Shakur Stevenson became a two-weight world champion at just 24 years of age and only 17 fights into his professional career.
Stevenson considers Keyshawn Davis capable of accomplishing comparable things very early in his own promising career. The unbeaten Stevenson wouldn’t consider facing Davis because he considers Davis “family,” but the former featherweight and junior lightweight champ claimed during a recent appearance on “The DAZN Boxing Show” that the elite lightweight prospect is already capable of beating any other opponent in their division.
The 23-year-old Davis improved to 6-0 and recorded his fifth knockout when he stopped Mexico’s Omar Tienda (25-6, 18 KOs) in the fifth round on the Stevenson-Robson Conceicao undercard September 23 at Prudential Center in Stevenson’s hometown of Newark, New Jersey. Davis exchanged words on Twitter a few days later with undefeated, undisputed lightweight champion Devin Haney, which prompted “The DAZN Boxing Show” co-hosts Barak Bess and Akin Reyes to ask Stevenson if the Norfolk, Virginia native is ready for someone as skilled and as accomplished as Haney (28-0, 15 KOs).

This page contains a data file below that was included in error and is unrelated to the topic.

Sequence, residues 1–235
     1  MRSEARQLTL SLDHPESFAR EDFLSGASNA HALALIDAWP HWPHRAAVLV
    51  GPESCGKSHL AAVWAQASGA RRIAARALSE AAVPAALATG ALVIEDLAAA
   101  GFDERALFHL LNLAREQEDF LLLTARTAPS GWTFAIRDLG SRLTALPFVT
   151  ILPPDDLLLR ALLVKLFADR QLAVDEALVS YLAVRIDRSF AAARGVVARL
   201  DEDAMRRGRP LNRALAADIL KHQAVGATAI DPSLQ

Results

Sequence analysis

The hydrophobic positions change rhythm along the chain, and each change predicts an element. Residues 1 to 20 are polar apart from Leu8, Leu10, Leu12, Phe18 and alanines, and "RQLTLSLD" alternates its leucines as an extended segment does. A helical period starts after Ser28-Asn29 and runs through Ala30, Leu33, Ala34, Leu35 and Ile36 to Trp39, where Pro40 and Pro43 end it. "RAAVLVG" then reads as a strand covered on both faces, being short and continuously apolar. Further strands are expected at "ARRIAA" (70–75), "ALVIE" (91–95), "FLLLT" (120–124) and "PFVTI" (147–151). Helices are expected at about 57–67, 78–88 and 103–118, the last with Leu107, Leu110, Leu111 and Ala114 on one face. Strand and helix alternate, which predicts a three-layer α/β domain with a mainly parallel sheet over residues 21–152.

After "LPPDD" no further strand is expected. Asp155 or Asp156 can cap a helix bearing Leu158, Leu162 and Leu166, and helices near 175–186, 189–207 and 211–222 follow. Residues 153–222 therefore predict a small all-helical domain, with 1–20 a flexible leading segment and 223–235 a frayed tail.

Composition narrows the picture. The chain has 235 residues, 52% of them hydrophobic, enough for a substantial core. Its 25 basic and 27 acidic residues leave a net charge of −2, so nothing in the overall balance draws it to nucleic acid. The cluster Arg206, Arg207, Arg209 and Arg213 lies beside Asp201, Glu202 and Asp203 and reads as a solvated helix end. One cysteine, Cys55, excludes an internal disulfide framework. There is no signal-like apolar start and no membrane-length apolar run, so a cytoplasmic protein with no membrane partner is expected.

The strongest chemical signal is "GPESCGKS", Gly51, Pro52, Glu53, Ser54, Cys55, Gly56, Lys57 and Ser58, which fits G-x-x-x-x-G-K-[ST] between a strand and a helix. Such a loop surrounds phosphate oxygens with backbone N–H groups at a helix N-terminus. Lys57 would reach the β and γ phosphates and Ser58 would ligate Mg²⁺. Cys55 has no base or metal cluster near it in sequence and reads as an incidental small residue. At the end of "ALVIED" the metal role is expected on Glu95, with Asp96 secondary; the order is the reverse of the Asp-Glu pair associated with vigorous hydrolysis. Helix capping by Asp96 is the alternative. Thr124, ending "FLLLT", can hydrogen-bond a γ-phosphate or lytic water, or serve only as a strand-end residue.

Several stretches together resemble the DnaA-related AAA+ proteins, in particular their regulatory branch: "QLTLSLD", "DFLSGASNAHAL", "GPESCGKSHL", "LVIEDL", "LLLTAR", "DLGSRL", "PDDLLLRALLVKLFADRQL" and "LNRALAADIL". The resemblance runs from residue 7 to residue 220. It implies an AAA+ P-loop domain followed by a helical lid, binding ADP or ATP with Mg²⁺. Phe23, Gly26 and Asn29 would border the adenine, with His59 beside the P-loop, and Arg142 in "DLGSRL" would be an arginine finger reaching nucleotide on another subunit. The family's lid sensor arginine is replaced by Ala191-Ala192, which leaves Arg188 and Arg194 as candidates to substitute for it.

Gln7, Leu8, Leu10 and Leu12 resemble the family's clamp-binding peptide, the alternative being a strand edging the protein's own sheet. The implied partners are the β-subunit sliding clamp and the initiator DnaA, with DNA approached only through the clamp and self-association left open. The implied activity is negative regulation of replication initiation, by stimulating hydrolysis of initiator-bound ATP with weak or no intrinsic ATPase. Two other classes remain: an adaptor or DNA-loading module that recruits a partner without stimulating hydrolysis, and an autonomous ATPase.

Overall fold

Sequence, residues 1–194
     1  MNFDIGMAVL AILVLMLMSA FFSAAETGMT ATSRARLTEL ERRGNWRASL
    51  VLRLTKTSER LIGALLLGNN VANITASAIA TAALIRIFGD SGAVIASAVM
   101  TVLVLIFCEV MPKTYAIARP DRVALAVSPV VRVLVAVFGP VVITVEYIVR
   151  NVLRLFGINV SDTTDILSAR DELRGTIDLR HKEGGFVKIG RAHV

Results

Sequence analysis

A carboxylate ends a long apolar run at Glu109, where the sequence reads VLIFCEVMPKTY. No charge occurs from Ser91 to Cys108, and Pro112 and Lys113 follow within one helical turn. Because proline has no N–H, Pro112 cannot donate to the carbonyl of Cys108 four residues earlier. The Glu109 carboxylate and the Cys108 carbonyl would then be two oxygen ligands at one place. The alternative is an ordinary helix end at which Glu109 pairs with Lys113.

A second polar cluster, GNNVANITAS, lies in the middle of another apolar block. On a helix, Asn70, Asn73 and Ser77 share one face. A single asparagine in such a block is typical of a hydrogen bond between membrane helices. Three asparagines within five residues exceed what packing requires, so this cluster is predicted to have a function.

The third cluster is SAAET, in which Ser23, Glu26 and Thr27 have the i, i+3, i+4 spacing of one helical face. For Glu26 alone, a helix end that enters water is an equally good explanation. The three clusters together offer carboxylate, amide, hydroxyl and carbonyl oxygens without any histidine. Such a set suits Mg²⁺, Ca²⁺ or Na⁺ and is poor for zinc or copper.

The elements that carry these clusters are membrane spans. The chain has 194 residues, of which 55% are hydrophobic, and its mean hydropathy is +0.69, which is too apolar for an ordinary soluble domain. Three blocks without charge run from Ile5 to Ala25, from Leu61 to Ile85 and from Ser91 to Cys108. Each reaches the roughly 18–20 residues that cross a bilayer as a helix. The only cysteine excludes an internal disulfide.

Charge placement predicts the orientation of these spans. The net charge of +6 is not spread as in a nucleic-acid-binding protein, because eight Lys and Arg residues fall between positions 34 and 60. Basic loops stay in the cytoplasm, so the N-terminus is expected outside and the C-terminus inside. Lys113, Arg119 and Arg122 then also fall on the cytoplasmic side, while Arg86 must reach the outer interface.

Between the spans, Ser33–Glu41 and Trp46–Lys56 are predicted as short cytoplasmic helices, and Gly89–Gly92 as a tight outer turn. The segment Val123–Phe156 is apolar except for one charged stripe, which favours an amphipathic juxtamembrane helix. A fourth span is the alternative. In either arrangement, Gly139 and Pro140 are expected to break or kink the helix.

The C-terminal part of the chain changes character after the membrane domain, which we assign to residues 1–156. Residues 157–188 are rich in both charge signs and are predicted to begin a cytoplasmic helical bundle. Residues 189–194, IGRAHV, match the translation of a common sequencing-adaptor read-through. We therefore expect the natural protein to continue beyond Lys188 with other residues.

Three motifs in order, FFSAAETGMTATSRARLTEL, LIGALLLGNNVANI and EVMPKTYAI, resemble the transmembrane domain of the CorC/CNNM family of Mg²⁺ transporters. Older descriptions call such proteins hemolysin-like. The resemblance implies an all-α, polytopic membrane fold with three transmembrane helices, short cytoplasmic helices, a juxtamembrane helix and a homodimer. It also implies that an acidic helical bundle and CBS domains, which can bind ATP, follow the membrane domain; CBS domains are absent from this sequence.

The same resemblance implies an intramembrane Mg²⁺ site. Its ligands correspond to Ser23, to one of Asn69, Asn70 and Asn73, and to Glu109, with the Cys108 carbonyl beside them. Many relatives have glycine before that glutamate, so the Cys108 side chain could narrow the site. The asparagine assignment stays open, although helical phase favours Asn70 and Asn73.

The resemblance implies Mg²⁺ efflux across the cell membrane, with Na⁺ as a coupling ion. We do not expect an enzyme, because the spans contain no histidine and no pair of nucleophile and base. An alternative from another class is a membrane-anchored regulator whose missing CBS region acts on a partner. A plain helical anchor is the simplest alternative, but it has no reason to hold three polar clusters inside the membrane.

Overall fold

“I think Keyshawn ready for whoever,” Stevenson said confidently of the 2021 Olympic silver medalist. “I think Keyshawn ready. I don’t care who y’all put in front of Keyshawn, Keyshawn is a bad motherf—–. Like it’s gonna be hard for anybody to beat Keyshawn, so I think Keyshawn, he ready to go. I think even when he sittin’ there talkin’ about the, ‘Oh, I’m 6-0,’ I think he need to even understand that he should look at his self even higher than what he even saying. Like, yeah you 6-0, but you so good that he so ready for the best of the best right now. That’s how I feel about Keyshawn.”
The more established Stevenson obviously is in better position to face top opponents within the lightweight division in 2023. Davis stated after becoming the first fighter in 9½ years to stop Tienda inside the distance that his goal is simply to become a legitimate lightweight contender sometime next year.
If Stevenson (19-0, 9 KOs) and Davis continue to win within the 135-pound division, Stevenson doesn’t envision a scenario in which he and Davis would agree to square off.
“Nah, I would never fight Keyshawn,” Stevenson said, “unless it’s for like – they would have to offer us a enormous amount of money for me to fight my little brother. … I really look at that like my little brother, like my family is his family. Like his brother is my little brother. So, it’s like I wouldn’t fight him unless it’s for like a three-fight deal for life-changing-forever money.”
Keith Idec is a senior writer/columnist for BoxingScene.com. He can be reached on Twitter @Idecboxing.